If you spent this week, like me, watching “When We Rise,” the powerful, moving and star-studded ABC TV docudrama miniseries about the LGBT rights movement–from the 1960s until today–you noticed that Palm Springs, California played a significant supporting role.
The series was directed by Gus van Sant, written for the screen by Dustin Lance Black and based on the book “When We Rise: My Life in the Movement” by gay activist Cleve Jones.
In one scene, Cleve’s character says something like, you can’t change the world or start a movement from Palm Springs, so he moves back to San Francisco. He had a point. Palm Springs is where most LGBTQ home owners come for the weekend or to retire. But just because we’re retired doesn’t mean we don’t support those still actively involved on the front lines, through networking connections, fund raising and in other ways.
Just one of the many celebrities and notable individuals to have called Palm Springs home, Cleve’s former Palm Springs home was located in the Warm Sands neighborhood. If you’re ready to call this city–rich in gay history–home, please contact me today at the number listed above.
In the late 1940s, Frank Critzer, a prospector and desert dweller, excavated under the seven-story boulder known as Giant Rock, in Landers, California and constructed a dwelling consisting of several small rooms. A wooden structure, on a cement slab was built above ground and lead to the rooms below. The cement foundation is still there today. The underground rooms where filled in a number of years ago. Critzer was killed when the dynamite he kept in the rooms exploded. In the early 1950s, George Van Tassel built an airport and a small cafe on the site and lived in Critzer’s former structure. Van Tassel conducted weekly meditation sessions in 1953 in the rooms underneath Giant Rock and claimed that the sessions led to UFO contacts and finally to an actual encounter with extra-terrestrials. In August of that year he reported that a saucer landed from the planet Venus and invited him onto the ship.
In 1954, Van Tassel began building his now famous Integratron, after he says he received the instructions from the Aliens, during their visit to Giant Rock. George Van Tassel was one of the leaders in the UFO movement in the 1950s and held annual “Spacecraft Conventions” at Giant Rock for 25 years.
OVERNIGHT STAYS: While many visitors camp at Giant Rock, The Integratron is available for overnight stays. It can be rented by the hour, day, week or longer, for individuals or groups.
LOCATION: Giant Rock is located approximately 40 miles and an hour from downtown Palm Springs.
DIRECTIONS: To find Giant Rock, begin at the Integratron, which is located at 2477 Belfield Boulevard, in Landers, CA 92285. Giant Rock is 3.5 miles north of the Integratron by dirt road. The Integratron is on the corner of Belfield and Linn Road. Make a right on Linn Road and a sign will point you in the right direction.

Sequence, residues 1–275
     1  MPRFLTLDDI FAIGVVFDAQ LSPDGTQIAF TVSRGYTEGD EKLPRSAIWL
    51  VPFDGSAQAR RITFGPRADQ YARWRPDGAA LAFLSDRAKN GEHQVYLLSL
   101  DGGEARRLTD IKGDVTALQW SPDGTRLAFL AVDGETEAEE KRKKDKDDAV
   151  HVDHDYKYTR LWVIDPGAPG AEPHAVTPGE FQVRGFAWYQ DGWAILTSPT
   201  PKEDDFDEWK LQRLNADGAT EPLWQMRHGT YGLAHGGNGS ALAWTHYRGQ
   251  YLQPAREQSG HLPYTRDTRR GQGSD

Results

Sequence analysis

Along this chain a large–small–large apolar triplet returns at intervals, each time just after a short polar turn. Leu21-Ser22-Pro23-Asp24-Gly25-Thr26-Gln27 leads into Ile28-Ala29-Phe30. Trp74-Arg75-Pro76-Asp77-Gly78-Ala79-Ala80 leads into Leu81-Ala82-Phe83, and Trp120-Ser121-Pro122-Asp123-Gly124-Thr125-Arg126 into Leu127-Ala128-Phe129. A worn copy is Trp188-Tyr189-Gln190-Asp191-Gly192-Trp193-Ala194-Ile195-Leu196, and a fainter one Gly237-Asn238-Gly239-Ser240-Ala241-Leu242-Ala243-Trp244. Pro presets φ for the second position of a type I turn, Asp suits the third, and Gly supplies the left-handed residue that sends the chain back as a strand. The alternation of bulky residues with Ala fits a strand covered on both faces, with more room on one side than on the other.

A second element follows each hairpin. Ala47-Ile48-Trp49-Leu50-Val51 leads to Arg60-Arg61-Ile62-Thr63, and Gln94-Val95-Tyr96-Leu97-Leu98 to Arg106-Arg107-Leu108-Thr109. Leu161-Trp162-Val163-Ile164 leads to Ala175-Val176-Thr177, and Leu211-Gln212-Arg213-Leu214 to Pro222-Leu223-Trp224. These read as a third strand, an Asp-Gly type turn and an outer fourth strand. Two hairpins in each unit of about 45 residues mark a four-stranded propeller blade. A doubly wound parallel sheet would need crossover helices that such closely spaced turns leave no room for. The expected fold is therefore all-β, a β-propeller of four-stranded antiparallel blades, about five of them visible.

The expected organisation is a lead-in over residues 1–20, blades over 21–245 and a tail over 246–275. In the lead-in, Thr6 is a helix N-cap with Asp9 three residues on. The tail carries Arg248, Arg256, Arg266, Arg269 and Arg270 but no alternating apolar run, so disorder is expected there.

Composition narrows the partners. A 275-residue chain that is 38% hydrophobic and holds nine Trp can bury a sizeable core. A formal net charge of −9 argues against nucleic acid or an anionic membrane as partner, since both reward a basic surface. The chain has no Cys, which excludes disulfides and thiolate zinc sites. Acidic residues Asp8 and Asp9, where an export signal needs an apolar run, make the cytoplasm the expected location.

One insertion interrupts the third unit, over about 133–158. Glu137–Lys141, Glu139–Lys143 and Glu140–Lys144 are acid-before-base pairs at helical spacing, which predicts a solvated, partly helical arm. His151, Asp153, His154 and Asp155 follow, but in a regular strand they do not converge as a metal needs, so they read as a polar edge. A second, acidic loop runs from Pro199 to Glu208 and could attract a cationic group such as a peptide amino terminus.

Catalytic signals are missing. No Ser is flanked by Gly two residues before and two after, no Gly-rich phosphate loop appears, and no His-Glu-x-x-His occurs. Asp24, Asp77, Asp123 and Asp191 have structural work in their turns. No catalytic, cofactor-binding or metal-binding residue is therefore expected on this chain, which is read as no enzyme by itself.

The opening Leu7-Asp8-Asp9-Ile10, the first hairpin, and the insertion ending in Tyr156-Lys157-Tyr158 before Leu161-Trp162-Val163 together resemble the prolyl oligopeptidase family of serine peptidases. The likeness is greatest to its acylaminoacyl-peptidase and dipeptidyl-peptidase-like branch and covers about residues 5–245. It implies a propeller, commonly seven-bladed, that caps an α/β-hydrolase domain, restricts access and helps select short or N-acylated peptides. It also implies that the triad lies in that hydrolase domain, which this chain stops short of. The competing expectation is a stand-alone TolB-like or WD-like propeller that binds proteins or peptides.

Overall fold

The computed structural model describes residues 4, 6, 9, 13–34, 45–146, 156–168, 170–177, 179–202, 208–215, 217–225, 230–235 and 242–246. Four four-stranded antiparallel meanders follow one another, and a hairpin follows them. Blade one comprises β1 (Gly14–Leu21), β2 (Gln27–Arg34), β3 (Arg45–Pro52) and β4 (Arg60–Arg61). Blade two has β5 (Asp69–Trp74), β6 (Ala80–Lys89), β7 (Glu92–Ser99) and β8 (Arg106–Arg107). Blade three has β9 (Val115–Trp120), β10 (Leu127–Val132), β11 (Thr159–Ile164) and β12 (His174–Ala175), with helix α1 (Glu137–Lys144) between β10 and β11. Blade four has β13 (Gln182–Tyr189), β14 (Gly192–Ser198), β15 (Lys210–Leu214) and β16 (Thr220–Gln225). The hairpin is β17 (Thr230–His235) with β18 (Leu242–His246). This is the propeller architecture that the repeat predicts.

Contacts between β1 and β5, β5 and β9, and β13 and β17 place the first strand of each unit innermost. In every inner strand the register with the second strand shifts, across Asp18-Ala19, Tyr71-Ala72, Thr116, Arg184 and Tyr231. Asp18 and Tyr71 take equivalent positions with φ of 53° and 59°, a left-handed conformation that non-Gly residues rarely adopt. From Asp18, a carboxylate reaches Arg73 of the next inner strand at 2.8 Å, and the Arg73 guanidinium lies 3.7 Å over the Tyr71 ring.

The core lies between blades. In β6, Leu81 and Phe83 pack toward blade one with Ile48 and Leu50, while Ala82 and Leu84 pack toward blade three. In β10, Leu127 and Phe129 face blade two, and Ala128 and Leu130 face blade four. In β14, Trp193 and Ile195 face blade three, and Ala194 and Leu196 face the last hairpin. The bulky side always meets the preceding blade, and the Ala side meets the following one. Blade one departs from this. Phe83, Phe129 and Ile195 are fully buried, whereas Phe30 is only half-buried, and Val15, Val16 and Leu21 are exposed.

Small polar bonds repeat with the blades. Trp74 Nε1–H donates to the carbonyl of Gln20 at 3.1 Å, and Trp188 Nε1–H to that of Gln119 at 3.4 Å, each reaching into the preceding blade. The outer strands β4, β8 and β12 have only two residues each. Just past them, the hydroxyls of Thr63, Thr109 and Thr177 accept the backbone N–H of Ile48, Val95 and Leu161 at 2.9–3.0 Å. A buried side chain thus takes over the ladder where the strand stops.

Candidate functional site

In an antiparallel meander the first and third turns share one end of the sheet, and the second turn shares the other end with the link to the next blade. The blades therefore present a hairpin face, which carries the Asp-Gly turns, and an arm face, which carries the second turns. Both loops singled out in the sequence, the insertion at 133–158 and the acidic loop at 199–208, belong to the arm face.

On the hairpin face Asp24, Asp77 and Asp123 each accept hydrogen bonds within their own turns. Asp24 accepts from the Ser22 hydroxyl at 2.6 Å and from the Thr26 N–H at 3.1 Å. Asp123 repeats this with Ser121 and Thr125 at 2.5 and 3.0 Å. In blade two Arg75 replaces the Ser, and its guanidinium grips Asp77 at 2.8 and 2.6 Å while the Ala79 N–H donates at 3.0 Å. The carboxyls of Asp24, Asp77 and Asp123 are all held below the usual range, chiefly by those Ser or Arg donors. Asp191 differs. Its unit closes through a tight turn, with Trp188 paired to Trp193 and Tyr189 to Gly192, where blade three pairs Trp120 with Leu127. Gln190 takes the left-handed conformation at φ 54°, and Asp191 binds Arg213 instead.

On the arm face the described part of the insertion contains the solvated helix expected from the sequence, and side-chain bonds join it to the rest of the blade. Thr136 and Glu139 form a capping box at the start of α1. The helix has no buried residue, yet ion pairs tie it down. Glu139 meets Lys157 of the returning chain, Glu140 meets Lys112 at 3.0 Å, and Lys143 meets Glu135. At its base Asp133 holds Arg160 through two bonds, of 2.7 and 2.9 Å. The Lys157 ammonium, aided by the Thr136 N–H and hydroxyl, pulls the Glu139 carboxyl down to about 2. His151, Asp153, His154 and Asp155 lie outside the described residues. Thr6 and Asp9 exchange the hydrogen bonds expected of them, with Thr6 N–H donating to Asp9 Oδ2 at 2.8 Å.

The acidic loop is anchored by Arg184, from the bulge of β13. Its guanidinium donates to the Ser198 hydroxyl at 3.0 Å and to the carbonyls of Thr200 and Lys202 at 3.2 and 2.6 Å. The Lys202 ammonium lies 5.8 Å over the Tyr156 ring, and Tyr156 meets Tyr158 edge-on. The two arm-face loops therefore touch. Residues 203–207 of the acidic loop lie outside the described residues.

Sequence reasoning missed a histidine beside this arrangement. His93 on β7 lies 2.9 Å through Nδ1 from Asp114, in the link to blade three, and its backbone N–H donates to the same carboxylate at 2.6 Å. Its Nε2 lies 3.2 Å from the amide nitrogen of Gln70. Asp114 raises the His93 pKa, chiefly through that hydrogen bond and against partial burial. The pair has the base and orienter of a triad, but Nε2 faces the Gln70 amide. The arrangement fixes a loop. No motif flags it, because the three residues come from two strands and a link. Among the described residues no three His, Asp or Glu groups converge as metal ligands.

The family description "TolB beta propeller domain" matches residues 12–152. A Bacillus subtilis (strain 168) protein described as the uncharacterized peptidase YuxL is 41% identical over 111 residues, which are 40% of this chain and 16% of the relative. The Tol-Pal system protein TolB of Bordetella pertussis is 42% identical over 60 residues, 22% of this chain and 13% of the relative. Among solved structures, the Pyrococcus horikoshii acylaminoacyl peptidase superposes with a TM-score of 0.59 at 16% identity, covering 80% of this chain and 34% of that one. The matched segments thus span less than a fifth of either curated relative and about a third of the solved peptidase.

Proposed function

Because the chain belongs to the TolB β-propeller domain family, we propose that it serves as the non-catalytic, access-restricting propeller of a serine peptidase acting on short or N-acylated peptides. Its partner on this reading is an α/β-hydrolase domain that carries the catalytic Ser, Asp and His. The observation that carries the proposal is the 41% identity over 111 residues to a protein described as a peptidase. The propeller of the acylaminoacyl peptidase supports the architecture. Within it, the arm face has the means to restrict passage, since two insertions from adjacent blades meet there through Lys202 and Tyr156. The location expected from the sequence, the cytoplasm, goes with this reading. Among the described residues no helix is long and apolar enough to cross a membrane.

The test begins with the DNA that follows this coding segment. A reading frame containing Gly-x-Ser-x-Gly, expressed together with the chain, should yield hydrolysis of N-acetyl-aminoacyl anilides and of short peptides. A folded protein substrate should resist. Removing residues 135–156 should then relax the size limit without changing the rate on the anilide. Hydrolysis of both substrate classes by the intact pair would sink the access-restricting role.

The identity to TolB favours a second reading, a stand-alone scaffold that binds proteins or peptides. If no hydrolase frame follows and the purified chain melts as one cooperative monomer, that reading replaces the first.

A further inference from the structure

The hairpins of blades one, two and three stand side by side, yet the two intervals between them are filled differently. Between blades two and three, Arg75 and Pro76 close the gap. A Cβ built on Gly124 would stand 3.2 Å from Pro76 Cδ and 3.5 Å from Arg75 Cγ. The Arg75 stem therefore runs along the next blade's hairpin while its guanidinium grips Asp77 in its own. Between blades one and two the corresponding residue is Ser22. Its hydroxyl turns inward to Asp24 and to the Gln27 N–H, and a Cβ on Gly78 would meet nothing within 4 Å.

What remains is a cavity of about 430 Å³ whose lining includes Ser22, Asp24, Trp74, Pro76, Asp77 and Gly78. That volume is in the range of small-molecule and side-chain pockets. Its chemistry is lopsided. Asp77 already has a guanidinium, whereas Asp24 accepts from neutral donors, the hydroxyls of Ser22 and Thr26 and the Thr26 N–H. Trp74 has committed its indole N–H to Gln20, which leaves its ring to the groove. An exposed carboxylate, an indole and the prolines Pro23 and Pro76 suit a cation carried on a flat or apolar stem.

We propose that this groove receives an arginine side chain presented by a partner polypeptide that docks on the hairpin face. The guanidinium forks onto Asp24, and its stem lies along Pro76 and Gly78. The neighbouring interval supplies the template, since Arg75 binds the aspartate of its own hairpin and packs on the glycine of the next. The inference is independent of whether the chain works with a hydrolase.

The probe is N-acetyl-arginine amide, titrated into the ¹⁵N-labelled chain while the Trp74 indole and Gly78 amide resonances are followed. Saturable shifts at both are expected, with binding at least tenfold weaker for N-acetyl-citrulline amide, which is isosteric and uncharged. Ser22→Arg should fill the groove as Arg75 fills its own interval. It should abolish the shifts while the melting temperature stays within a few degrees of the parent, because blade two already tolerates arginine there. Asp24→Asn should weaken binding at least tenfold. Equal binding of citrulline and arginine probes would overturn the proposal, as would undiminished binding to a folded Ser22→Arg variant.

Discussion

Photos: The people on the left, pictured under the rock, are standing on the cement foundation of the former UFO house (above).Below is the Integratron.
The late Mervyn LeRoy called Palm Springs home for 30 years. Determined to turn Frank L. Baum’s book into a movie, in 1937 LeRoy convinced Metro-Goldwyn-Mayer studio head Louis B. Mayer to put up the money to finance his dream.
In 1938, the city of Palm Springs was incorporated and The Wizard of Oz was filmed. They were both conceived in the same year.
The film had it’s premier in 1939 and received multiple Oscar nominations. 75 years later, it’s still one of the most loved and most popular movies of all time.
Leroy lived at 166 W. San Marco Way, Palm Springs (next door to the famous Racquet Club). The neighborhood is known as Racquet Club West.
INTERESTING FACT: In 1914, film pioneer Jesse Lasky produced Hollywood’s first feature-length film, The Squaw Man. Lasky was Mervy LeRoy’s cousin. At one time LeRoy was also married to Doris Warner, the daughter of Harry Warner, oldest of the four Warner brothers, and also a Palm Springs resident. Warner lived at 591 Stevens Road in the Old Las Palmas neighborhood of Palm Springs. Jack Warner, the head of Warner Bros. studio, lived at 1050 Cahuilla, just a few blocks away. Jack died in 1990 while playing tennis at this home.
The historic “Palm House” was built by Alkali Thornburg in1905, directly on top of the San Andreas Fault. The home, which is now used as the Visitor Center, is part of the 80-acre Coachella Valley Preserve and Palm Oasis in 1000 Palms. You can visit the home and learn more about the history of the early desert pioneers and the San Andreas Fault. In addition to the home tour, you can enjoy picnicking, walking, hiking and bird watching.
LOCATION: 29200 1000 Palms Canyon Rd, Thousand Palms, CA, 92276
HOURS: Visitor Center Hours are approximate:
September and May 8 AM – 12 Noon
October through April, 8 AM – 4 PM
June, July and August, CLOSED
Visitors and groups are welcome. Commercial groups should call ahead because of limited parking.
For additional information, call 760-343-2733 or 760-343-1234.